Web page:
However, if the quiz results have identified you as a kinaesthetic learner, there are plenty of ways you can use this knowledge to your advantage when it comes to tailoring how you carry out your studies.
What are kinaesthetic learners good at?
Kinaesthetic learners are also known as physical or tactile learners, and this gives some insight into the type of activities they excel at.
As a result, they tend to demonstrate superior ability when it comes to playing sports, while many are good at tasks that involve moving around or touching things.They often enjoy jumping straight into tasks, rather than analyzing the situation and goals first and then deciding the best approach.
Furthermore, they are able to do well at this methodology because they have quick reactions and can make a call on how to move forward without hesitation.
Another positive quality of kinaesthetic learners is that they are usually strong leaders. Their key skills include:
- Good hand-eye coordination
- Strong ability to express themselves
- Excellent motor memory – they can replicate actions after just doing them once
What are a kinaesthetic learner’s weaknesses?
Kinaesthetic learners often find it difficult to sit still for long periods of time, which can result in them requiring regular breaks when studying. Because of this, tasks based around worksheets, for example, can prove to be challenging as the activity involved in completing such an exercise can bore kinaesthetic very quickly.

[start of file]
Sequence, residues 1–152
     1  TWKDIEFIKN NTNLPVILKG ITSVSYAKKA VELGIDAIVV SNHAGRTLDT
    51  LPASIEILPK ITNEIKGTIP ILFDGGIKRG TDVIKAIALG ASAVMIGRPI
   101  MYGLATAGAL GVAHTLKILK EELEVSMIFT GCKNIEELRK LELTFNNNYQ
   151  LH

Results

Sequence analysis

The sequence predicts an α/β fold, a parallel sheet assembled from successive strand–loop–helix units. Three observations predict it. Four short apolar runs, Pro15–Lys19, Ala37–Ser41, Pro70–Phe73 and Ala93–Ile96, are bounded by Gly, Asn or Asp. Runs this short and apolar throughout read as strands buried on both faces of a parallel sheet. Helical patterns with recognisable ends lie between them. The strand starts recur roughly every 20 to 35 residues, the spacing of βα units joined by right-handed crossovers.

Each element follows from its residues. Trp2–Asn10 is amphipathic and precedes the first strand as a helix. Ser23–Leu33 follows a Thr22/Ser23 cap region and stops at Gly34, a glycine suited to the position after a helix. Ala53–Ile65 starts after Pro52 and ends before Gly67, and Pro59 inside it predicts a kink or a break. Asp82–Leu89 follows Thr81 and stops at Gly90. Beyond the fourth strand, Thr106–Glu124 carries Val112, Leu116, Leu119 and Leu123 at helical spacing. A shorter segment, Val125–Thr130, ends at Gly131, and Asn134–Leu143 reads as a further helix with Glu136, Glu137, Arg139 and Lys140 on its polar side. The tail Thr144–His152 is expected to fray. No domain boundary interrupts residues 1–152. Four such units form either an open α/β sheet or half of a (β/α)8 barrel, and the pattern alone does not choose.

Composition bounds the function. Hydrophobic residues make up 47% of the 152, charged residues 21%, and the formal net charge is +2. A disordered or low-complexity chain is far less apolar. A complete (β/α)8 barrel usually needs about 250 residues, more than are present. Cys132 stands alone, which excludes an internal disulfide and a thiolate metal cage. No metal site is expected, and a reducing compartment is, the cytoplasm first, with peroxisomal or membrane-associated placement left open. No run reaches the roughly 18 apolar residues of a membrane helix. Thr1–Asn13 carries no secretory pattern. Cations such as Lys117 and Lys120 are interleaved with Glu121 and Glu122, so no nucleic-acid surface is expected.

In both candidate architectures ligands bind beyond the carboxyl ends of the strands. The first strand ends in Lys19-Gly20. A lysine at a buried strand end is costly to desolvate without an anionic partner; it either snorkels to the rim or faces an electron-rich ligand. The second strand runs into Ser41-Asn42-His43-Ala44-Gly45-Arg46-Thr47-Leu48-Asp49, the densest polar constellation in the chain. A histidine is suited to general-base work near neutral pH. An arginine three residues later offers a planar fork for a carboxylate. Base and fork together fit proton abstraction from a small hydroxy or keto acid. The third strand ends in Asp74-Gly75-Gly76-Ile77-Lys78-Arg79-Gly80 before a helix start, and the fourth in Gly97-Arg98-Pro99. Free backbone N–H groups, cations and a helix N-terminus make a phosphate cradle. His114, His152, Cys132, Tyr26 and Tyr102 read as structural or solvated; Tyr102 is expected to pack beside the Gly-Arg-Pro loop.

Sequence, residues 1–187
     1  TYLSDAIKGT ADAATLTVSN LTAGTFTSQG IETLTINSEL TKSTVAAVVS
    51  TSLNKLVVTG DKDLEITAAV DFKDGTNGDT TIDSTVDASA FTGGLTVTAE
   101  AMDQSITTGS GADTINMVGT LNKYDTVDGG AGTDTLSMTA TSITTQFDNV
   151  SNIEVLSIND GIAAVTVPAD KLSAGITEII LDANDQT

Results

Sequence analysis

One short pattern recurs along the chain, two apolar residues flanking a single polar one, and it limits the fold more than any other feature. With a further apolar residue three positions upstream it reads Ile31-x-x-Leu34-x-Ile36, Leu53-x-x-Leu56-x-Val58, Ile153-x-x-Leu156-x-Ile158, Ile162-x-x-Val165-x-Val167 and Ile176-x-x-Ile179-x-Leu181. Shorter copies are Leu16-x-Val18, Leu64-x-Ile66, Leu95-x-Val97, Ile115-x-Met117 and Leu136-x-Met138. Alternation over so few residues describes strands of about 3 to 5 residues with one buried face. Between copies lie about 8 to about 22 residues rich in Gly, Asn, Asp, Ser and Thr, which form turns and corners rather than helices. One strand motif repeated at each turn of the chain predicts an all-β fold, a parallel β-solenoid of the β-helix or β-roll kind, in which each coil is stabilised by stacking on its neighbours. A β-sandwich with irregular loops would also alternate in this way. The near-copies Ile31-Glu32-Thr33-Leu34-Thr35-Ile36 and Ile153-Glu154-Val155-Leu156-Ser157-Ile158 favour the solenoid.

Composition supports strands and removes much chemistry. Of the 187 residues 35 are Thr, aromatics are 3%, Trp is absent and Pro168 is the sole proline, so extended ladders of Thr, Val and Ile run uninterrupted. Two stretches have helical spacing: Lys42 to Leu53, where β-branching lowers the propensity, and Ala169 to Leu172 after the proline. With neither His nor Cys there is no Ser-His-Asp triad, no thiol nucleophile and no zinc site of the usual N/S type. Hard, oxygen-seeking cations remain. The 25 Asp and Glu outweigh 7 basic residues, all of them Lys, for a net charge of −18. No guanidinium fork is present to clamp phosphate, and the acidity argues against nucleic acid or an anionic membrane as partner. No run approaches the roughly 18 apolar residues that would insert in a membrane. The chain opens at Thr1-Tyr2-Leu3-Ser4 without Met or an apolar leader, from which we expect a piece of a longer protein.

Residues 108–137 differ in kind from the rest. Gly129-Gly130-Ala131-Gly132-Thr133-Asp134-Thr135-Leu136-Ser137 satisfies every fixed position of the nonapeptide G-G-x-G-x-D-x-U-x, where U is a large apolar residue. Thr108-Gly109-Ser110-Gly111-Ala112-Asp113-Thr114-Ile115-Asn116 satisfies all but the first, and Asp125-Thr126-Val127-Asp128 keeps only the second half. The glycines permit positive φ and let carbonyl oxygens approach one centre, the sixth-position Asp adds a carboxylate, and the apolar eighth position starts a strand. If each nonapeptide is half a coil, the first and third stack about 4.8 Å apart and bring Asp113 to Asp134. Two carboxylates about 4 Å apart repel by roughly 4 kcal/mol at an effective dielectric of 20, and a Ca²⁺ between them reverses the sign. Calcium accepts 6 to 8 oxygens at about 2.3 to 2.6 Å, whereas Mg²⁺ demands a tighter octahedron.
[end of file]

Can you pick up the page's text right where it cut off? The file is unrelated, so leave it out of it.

Similarly, this type of learner tends to be a poor listener and they are often described as being hyperactive in the context of a seminar-like environment.
This can mean they become a distraction for other people on the course, although experienced teachers will recognize this characteristic at the earliest possible opportunity and tailor their lesson plans to cater to everyone’s individual learning needs.
What training techniques are best for kinaesthetic learners?
Kinaesthetic are best-suited to physical learning techniques, so will generally benefit from activities such as role-playing or tasks that involve making or doing things.
It is often the case that kinaesthetic learners find it easier to concentrate when they have an outlet for their energy – so bouncing a ball against a wall when studying or having a rubber band, for example, to play with while a lecture is taking place can make a difference in helping them retain information.
That said, kinaesthetic should carefully manage how much time they spend working to avoid losing their focus. Setting aside five minutes to walk around and burn off energy for every 25 minutes of studying would be one suggestion to counteract this characteristic.
However, like all of the other learning type outcomes in our quiz, these suggestions are not completely prescriptive. You know your own habits and abilities better than anyone else, so don’t feel as though you have to stick to this guidance if it’s not working for you. Additionally, you might want to read our other learning guides for auditory and visual types to see if any of their training tips apply to you.
Nevertheless, our course cater to all learning styles, so every CTS delegate can get the best possible benefits from their experience with us.